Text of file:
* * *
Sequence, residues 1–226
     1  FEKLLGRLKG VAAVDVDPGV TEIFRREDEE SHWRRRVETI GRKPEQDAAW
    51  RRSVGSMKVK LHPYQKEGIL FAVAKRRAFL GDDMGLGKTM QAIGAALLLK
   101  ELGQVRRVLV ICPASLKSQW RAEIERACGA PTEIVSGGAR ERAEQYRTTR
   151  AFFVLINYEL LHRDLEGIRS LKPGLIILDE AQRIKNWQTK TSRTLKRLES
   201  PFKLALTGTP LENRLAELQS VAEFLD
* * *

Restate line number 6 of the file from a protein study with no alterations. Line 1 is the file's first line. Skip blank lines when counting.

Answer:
   201  PFKLALTGTP LENRLAELQS VAEFLD